Physician Shortage an Increasing Concern
Data from government sources, the American Medical Association (AMA), the Council of Graduate Medical Education (COGME), and physician specialty associations indicate there has been a growing “silent shortage” of physicians in a number of specialties for the past few decades.
AMA data show that 318,459 physicians, or 44 percent of the total population of physicians in patient care as of year-end 2006, are age 55 or older. For example, the mean age of U.S. radiologists is 61.7, according to the AMA. The mean age of physicians practicing psychoanalysis is 70.6, while the mean age of psychiatrists is 52.5.
U.S. medical schools have trained an average of 15,500 physicians a year since 1980, according to the Department of Health and Human Services. In a June 2006 report the Association of American Medical Colleges (AAMC) called for a 30 percent increase in accredited medical school enrollment by 2015.
The AAMC also recommended eliminating the current Medicare restriction on the number of funded residency positions so that graduate medical education programs can accommodate more graduates of accredited U.S. medical schools.
Meanwhile, the population continues to grow. U.S. Census data indicate a population increase of close to 24 percent between July 1, 1988 and July 1, 2008, from approximately 244.5 million people in 1988 to more than 300 million people in 2008.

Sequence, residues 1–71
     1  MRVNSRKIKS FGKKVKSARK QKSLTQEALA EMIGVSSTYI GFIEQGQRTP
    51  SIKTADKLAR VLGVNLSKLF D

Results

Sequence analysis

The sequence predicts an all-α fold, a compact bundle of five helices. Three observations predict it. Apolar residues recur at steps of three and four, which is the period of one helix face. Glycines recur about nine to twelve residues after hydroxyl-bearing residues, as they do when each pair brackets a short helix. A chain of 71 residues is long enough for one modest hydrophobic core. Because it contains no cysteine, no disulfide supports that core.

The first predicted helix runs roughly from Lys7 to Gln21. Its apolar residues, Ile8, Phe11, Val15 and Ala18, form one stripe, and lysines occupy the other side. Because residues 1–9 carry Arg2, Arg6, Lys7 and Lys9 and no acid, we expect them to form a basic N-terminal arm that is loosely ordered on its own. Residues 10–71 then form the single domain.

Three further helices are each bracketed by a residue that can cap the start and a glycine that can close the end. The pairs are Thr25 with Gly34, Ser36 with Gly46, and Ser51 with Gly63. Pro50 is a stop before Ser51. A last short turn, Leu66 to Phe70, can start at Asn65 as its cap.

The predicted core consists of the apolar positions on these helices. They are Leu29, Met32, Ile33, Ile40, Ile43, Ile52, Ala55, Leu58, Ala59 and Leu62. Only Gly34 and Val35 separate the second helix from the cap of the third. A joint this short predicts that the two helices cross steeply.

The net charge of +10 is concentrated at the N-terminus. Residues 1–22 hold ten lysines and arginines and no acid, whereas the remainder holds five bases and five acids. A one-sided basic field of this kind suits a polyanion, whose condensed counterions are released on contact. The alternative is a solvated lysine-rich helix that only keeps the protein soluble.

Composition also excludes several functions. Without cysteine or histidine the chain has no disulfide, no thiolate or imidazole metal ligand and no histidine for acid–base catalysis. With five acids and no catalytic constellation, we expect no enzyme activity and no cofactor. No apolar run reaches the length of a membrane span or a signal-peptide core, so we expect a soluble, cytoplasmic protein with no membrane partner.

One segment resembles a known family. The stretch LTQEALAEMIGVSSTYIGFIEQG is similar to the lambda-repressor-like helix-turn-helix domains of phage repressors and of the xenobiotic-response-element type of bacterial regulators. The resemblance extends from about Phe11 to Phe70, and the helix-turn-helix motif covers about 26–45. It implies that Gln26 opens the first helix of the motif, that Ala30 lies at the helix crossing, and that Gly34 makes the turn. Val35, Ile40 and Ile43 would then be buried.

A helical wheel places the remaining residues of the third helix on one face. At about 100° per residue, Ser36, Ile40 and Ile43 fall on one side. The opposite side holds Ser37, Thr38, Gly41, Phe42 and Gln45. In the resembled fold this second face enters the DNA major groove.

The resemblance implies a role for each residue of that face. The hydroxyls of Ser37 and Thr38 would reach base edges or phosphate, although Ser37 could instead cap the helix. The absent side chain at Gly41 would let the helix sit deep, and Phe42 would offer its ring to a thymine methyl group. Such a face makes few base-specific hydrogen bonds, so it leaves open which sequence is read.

In an October 2006 report entitled “Physician Supply and Demand: Projections to 2020,” the U.S. Health Resources and Services Administration projected a shortfall of 55,100 physicians in 2020, primarily among non-primary-care specialties. A year earlier the Council of Graduate Medical Education had released a report predicting a shortage of roughly 85,000 physicians by 2020, caused in part by our aging U.S. population.
According to the June 2007 issue of Managed Care magazine, “The American Academy of Family Physicians last year recommended that to meet the need for primary care physicians in 2020, the United States would have to train 3,725 family physicians and 714 osteopathic physicians annually, with an overall goal of a 39 percent increase in family physicians. The American College of Physicians, which represents internists, supports the call for training more doctors but has not issued specific recommendations for increasing the number of internists.”
More Questions Than Answers
Juxtaposed with these figures, our research results raise some interesting questions about the future of medical practice. Will the healthcare policies of the new administration exacerbate an already noticeable shortage of physicians across the nation? What incentive will there be for future generations to pursue medical degrees? And what’s going to encourage those legally qualified to practice medicine to pursue patient care?
In what Wall Street Journal “Health” blogger Jacob Goldstein called a “zeitgeist,” a July 21 New York Times story chronicles how a Richmond, Virginia nephrologist, Arnold Kim, MD, this month quit practicing medicine to focus on his MacRumors blog full-time. The hobby he picked up eight years ago while getting his $200,000 medical education reportedly now attracts 4.4 million visitors and 40 million page views per month. While Kim says each occupation earns him a six-figure income, he gets to work from home and enjoy time with his 14-month-old daughter as a blogger.
Clearly, Marcus Welby, MD has left the building.
A founding partner of Georgia-based LocumTenens.com, Pamela McKemie has worked in physician recruitment for more than 15 years.
Topics: Financial Planning